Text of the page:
About this Plan
Aiglet. Free flight A/1 glider.
Quote: "Introduction to your Free Plan with this issue. Build an A/1 for fun and contests! Aiglet, by Martin Bridge.
WHEN AEROMODELLER INTRODUCED the Nordic A/1 glider formula to British readers in our June 1955 issue, we made no claim for originality: but emphasised that here was a size of mode/ that would meet the pressing need for shorter duration, club events. The subsequent interest shown in the A/1, mainly through the very popular Golden Wings (oz3715) design, has indicated that the clubs were quick to seize upon the smaller model specification and there is every indication of the half-size A/2 becoming a very popular feature of inter-club contests.
As we said at the time, our local Watford and District MAC had been flying the class for some six months prior to May 1955, and had built up a useful backlog of experience with the type. The club still holds regular events for the class, and over the past two seasons, design detail has progressed so that we are able to present full-size plans with this issue of the appropriately named Aiglet - the latest in the line from Martin Bridge's series of five A/1 models.
It is a cleaned-up version of the square-tipped model featured in April Model News this year, and with attractive lines, no matter what the viewing angle, we feel it is destined to be a favourite for beginner or expert. As a subject for the novice under instruction from senior clubsters, the Aiglet provides a simple exercise in model construction with a guarantee for satisfactory flying performance in the final product - so why not tackle it as a one-model competition with beginner/expert classes in your own club?
Technically, the refinements of A/1 design boil down to provision for stable towline performance, plus the ability to circle fairly tightly and give a low rate of sink. Aiglet has all these assets, with a 23 percent tailplane and modified MVA 301 airfoil section on the 10:1 aspect ratio wing to bring it up to date with latest high performance fashion - a well trimmed version could well be capable of a 1:45 average in calm air from a 164 ft towline - get building!"
Quote: "Hi Steve. Here's the construction article for the Aiglet, a simple but very sweet flying A-1 glider, published in the December 1956 Aeromodeller. It was very popular back in the day, and still appears here and there today. I built several myself and enjoyed them very much. I wish I could give appropriate credit, but I don't remember where I got the article from - it's been on my hard drive for years. Cheers,"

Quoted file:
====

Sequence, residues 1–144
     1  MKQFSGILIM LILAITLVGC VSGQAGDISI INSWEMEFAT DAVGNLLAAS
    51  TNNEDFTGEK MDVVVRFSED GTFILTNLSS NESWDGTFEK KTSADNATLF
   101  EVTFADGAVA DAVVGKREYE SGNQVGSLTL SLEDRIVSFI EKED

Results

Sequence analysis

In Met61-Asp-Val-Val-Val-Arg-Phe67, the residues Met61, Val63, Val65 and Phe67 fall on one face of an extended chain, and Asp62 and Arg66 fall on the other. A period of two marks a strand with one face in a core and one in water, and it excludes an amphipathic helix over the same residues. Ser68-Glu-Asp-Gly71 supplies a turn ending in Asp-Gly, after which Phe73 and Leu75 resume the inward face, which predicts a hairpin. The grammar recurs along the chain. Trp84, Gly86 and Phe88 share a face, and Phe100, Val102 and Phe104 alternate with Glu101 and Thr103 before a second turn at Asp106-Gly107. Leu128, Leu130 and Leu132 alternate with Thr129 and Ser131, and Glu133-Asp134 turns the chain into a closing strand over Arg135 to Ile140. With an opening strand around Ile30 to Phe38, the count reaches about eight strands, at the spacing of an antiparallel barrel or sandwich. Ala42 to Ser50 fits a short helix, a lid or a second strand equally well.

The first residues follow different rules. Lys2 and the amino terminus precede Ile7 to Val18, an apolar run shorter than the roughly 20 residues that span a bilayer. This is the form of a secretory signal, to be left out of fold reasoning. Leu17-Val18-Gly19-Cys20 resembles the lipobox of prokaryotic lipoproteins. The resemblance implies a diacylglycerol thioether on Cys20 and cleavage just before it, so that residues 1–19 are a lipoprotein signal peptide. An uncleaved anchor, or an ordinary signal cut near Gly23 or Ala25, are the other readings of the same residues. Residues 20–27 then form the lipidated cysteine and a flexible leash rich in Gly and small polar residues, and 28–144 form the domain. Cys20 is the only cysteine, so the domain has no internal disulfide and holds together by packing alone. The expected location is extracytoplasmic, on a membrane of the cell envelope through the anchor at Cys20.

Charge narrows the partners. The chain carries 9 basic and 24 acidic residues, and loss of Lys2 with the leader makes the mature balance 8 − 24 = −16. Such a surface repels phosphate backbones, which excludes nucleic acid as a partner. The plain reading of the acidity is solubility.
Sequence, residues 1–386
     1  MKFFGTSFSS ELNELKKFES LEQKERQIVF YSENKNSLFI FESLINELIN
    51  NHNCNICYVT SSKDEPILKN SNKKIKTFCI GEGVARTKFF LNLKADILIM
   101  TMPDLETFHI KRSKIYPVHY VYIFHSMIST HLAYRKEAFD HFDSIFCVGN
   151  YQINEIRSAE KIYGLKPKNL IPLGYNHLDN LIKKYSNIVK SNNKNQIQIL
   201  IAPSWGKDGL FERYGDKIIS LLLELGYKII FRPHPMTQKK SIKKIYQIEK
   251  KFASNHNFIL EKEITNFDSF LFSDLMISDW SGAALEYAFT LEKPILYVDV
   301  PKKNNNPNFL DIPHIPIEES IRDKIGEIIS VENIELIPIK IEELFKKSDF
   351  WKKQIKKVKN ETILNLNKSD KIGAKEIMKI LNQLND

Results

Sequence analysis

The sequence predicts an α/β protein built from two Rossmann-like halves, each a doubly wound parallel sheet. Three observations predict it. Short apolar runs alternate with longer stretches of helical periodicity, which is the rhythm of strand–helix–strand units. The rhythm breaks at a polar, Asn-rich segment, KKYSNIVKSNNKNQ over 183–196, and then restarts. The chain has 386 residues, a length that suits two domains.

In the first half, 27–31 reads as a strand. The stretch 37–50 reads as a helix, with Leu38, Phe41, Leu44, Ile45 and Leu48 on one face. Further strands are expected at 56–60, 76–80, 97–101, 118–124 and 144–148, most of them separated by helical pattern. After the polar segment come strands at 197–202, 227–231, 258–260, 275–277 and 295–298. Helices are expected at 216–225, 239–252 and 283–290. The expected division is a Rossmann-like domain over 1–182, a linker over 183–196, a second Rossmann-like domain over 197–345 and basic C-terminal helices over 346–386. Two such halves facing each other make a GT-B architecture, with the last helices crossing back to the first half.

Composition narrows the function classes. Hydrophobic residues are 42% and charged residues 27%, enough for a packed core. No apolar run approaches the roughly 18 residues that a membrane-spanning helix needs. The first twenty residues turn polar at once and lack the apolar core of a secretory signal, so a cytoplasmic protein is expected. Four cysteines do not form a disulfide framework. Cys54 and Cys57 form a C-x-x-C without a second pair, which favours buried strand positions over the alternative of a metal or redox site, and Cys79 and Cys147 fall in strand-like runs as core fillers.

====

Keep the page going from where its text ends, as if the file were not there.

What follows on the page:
Direct submission to Outerzone.
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User commentsHi, I just found the plan of the 'Aiglet' on your website. I made one when I was a kid and was learning how to build planes. I can’t tell you how happy I am to find it ! Thank you for sharing all these plans so they don’t get lost or forgotten !
Antoine - 08/08/2014
Hello to all, Just like Antoine in the last comment I also built one at a young age and it was one of my first A1 gliders. This model did fly very well once off the tow line, what it did lack for me was directional stability while on tow, if it started to tow of line it would not correct itself, nothing to do with not being directly into wind or no wind for that matter. Some times it would go off to the left and other times the opposite way, it would also tow inline to over my head at other times. I did put this down to my building even though it had no warps in wings or tail. I did at the time think it was the lack of fin area even with the under fin and auto rudder, what I found out years latter was the tow hook and Centre of Gravity was to far back from the Leading Edge of the wing. This created a rearward pull behind the Centre of pressure of the wing. The plan shows the C of G to be at about 55% of the Cord while the tow hook pull position is at about 50%. This C of G position worked OK on the early open power models with flat bottom lifting tail sections yet had a hard time trying to get out of a stall if it got into one. The C of G for the Aiglet with this wing section would be 40% being a good starting point from the L,E, the tow hook pull position just slightly forward of the 40% C of G. Do not just think about the C of G being a position in % from the L, E, it is always a position related to the Centre of Pressure of a wing which is at the thickest cross section position. As a common rule the Centre of Gravity range is very close in front of and can sometimes be slightly behind this. Here is a very simple test of drag and forces, get a piece of plastic pipe say 50 mm in diameter and about 1500 mm long (5ft) for us lot, and then tie a piece of string about half way it’s length and then drag it over the ground in a straight line and see how far you go before it veers off to one side? Now tie the string one third back from the frond end and pull it, you will go a longer distance before you veer off to one side. Now put the string ¼ from the front end and do it again, you will go further. Drag and forces are now working in your favor the same way the C of G and the tow hook position on your tow tine glider. Do you get my drift; I hope not, that’s what started all this in the first place. Kind Regards All,
GaryButton - 23/08/2014
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